Localism and diversity at the FCC: broken promises and a broken process

[remarks of FCC Commissioner Jonathan Adelstein at the opening of the FCC's Hearing on Localism, Oct. 31, Washington, DC]

This is the final hearing of the Localism Task Force. I am very pleased that, at the urging of key members of Congress, this otherwise dormant proceeding was revived and today we are again listening to the public’s views. The important questions looming over this proceeding are: will we do anything productive with what we have learned? Will it lead to real changes in how we hold media outlets accountable to serve their local communities? Or, was this entire proceeding just a chore to get done or check-off, so media giants can have their way with even greater media consolidation?

The lack of adequate advance public notice of today’s hearing raises real concerns about how serious we are about getting public input. Despite unanimous approval weeks ago to hold this hearing today, it was not announced to the public until the latest possible moment allowed by law – late, under the dark of night, just five business days ago. This is not the way a government agency should conduct the people’s business.

Despite this unnecessary hurdle, I am pleased we have assembled on such short notice such an impressive array of expert witnesses. I thank Chairman Martin for his cooperation in working with us to make this possible, and I thank all of our witnesses for making time in your busy schedules so quickly.

I am disappointed, though, that I have not been permitted to meet with the Co-Chairs of the Localism Task Force as I requested last week. It is simply unacceptable that Commission staff is not permitted to meet with a Commissioner. I would remind all of my colleagues that the staff works for the Commission, not just the Chairman. Any instructions to deny us meetings or information is anathema to the spirit of the Commission and federal law.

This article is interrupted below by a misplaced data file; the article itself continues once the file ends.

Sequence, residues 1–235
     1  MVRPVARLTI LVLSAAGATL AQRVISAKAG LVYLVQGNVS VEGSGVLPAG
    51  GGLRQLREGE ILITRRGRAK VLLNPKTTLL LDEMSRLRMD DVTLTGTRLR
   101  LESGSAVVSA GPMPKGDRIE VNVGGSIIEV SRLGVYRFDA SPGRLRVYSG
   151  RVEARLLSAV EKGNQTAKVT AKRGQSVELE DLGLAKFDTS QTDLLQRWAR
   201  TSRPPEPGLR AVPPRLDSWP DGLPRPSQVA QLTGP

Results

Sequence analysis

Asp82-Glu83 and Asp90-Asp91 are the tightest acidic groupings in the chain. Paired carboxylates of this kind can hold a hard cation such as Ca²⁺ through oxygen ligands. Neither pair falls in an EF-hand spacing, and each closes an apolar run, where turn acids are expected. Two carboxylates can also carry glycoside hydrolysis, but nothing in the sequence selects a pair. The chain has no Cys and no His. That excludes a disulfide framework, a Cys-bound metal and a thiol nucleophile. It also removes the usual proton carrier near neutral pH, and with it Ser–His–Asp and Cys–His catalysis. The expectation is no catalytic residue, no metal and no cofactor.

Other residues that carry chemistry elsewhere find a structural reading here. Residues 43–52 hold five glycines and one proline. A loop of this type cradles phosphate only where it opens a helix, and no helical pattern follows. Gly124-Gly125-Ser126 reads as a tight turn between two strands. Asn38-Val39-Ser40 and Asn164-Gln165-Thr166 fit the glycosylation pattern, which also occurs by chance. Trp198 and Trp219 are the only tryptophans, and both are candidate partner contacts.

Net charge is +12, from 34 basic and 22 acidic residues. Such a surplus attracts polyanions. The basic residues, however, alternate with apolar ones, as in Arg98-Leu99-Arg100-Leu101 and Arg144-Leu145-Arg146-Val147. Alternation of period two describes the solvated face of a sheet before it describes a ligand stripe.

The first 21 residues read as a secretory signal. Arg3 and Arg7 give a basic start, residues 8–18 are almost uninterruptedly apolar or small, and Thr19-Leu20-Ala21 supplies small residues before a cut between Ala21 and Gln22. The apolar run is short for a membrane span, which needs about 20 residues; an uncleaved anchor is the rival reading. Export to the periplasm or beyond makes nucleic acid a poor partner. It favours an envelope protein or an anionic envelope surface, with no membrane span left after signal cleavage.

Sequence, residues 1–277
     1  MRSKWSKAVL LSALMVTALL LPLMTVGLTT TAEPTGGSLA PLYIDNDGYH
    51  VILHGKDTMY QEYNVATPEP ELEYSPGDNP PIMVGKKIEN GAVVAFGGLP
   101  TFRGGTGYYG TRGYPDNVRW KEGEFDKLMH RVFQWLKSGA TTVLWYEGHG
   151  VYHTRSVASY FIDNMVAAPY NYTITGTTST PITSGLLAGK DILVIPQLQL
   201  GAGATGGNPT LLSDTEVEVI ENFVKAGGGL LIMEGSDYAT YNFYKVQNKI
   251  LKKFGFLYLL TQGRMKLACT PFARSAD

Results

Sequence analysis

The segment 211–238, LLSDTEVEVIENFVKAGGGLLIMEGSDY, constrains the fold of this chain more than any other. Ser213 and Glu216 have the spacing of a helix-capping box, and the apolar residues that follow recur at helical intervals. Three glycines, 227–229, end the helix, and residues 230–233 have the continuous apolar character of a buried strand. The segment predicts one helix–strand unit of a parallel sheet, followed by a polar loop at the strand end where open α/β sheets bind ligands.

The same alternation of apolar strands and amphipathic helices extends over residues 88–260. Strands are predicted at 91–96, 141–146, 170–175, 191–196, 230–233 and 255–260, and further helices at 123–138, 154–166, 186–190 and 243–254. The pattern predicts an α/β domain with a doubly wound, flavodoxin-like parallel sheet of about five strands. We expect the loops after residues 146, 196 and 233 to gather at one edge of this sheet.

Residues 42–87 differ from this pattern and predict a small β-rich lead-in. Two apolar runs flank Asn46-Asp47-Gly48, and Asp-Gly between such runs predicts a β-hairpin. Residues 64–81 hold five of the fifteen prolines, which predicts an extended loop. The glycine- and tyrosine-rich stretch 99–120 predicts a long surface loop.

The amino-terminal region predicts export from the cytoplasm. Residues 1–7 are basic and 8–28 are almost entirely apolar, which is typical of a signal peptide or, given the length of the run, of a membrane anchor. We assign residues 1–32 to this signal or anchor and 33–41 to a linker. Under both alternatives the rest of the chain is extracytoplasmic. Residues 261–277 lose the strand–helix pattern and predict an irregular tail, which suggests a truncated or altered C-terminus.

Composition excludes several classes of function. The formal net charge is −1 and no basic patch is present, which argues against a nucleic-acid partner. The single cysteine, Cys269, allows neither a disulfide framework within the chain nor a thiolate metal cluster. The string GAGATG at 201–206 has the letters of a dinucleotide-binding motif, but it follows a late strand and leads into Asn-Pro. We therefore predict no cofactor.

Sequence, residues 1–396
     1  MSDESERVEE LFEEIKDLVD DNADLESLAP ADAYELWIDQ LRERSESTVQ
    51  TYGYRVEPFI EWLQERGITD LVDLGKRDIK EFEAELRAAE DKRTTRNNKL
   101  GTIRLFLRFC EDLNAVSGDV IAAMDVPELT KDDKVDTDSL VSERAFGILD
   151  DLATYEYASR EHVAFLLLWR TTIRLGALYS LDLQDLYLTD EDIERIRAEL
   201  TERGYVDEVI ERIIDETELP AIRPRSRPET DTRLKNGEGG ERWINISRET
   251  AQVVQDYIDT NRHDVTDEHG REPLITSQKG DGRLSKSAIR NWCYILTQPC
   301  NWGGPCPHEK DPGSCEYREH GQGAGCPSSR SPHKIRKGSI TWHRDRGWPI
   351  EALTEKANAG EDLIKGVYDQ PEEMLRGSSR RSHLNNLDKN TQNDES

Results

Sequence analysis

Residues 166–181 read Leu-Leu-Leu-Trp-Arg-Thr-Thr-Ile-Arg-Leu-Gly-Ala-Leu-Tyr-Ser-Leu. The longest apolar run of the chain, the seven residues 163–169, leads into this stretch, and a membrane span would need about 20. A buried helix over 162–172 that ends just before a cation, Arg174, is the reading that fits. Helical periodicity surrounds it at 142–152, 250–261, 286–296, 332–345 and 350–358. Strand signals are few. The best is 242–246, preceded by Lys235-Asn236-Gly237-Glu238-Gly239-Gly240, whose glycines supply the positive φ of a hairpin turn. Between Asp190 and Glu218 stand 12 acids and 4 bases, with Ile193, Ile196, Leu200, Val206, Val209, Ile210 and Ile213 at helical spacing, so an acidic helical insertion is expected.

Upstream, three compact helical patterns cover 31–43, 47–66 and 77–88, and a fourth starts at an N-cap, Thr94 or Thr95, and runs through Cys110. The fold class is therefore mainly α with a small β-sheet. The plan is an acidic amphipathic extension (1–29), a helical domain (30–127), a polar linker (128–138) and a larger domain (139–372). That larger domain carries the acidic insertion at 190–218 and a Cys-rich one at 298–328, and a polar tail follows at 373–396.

The Government Accountability Office has already accused this agency of being too insular in its practices. Have we gotten to so insular that even a sitting Commissioner cannot meet with staff upon request?

As we conclude the final public localism hearing, it is fair to ask what we have accomplished. There are two basic issues at hand: What steps can we take to enhance the responsiveness of our media to local communities? And, does media consolidation enhance or detract from serving local communities?

When the Localism Task Force was launched, we were promised “rigorous studies” and clear policy and legislative recommendations. We have seen neither any studies nor any recommendations thus far. After the expenditure of over $350,000 of taxpayer dollars and many staff resources, the Task Force owes us solid studies and solid recommendations on which to base immediate action by the Commission. The only study that has been publicly released was one that was leaked to Senator Barbara Boxer.

Certainly, before we address the media ownership rules, we need to implement concrete steps to enhance localism. A number of members of Congress have appropriately asked that we do so, and we should heed their good advice. This does not mean we should trot out some half-measures and say, “we’re done!” It means we need to put new rules in place that improve the accountability of analog and digital media outlets to the communities to which they are licensed. We should not simply provide a set of “best practices” for broadcasters. We should not simply revise an out-of-date manual and instruct the public that it is their responsibility “to get the most service from their local station.” Nor should we simply get a report sugar-coating the issues from the Localism Task Force – a task force that has been functionally abolished. We all know the issues. We expect real and concrete recommendations to form the basis for a substantive Commission response to the many concerns raised by an array of concerned citizens.

We also need to complete action on improving the number of women and people of color who own broadcast media outlets. I have proposed the immediate creation of an independent panel to deliver us a quick action agenda upon which we can act before proceeding to the media ownership rules. The Reverend Jesse Jackson is here today and has offered to serve on such a panel.